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A correct machine is automatically Löbian if she is sigma_1
complete, and has enough induction axioms to prove its own sigma_1
completeness (in the sense of proving all formula p -> []p, for p
sigma_1).

In fact "p-> []p" characterizes sigma_1 completeness (by a result by
Albert Visser), and that is why to get the proba on the UD*, we use
the intensional nuance []p & <>t  (= proba) starting from G extended
with the axiom "p-> []p" (limiting the proposition to the UD).

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proba?
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What prevent []p to define a proba is only the existence of cul-de-sac worlds. For a modal axiomatization of proba we want the axiom []p -> <>p. But we don't have that in arithmetic (with [] = Gödel beweisbar).
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But we get it with the nuance  ([]p & <>p). (or Bp & Dp, or Bp & Dt)

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Example. I said yesterday to John Clark that P(W xor M) = 1, in Helsinki, because (W xor M) is true in the two accessible (from helsinki) realities W and M.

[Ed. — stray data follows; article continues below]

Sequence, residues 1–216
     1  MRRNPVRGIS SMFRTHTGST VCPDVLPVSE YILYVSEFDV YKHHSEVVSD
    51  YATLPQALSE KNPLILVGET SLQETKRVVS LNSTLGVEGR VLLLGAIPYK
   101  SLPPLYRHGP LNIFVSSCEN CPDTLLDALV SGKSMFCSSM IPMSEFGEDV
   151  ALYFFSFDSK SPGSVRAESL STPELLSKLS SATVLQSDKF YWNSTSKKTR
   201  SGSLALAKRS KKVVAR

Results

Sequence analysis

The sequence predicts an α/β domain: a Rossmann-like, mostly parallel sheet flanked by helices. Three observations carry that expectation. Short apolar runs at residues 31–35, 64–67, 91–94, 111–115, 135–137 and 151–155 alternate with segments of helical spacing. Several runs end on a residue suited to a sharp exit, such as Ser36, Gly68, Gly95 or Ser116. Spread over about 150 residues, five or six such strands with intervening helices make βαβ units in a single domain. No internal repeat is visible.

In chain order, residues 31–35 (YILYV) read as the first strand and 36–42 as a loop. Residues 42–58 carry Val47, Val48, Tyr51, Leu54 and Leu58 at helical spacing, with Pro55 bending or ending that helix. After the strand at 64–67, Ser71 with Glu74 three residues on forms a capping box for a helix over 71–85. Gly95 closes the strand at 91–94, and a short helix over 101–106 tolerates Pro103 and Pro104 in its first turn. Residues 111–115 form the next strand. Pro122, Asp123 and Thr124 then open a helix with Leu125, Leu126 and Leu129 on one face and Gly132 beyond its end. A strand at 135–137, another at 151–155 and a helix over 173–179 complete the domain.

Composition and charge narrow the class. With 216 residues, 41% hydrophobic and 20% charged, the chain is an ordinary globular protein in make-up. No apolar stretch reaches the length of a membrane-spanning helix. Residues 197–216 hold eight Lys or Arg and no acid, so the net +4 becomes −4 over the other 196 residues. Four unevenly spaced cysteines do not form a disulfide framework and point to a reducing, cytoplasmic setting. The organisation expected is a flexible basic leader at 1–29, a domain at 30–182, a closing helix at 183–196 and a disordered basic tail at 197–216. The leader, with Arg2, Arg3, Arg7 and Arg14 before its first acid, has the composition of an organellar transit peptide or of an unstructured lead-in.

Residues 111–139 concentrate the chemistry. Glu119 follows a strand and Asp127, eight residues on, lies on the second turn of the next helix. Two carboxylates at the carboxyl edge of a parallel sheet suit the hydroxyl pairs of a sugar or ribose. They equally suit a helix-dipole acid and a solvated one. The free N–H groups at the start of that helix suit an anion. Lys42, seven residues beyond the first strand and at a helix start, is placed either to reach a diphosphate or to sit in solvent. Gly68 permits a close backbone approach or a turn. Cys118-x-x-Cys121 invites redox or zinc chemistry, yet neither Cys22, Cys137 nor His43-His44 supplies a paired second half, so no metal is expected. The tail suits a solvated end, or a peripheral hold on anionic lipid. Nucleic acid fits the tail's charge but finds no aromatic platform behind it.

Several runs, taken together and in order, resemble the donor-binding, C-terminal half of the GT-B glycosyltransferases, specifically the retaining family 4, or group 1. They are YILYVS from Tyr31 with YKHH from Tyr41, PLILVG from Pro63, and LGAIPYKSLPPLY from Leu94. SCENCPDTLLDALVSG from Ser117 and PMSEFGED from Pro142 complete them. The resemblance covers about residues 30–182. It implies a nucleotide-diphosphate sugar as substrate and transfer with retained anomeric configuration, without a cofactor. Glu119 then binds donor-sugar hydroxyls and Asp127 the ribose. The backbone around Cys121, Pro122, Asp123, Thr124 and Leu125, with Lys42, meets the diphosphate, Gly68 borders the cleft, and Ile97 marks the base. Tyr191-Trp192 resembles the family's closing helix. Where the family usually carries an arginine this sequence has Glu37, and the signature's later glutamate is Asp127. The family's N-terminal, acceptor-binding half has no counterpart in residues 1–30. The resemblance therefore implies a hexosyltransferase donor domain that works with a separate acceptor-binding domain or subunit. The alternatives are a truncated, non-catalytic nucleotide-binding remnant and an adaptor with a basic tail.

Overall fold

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This makes sense only because I assume comp, that is, I assume I will survive the teletransportation, that is, I assume that Helsinki is not a cul-de-sac world.
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The nuance "Bp & Dp" is only that: an implcit assumption that we are not in a cul-de-sac world. It contains a little bit of comp already.
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Bp is true for all p, true and false, in the cul-de-sac world (world in Kripke sense, here, not yet in Everett sense!).
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Bruno

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Prof Russell Standish                  Phone 0425 253119 (mobile)
Principal, High Performance Coders
Visiting Professor of Mathematics      hpco...@hpcoders.com.au
University of New South Wales          http://www.hpcoders.com.au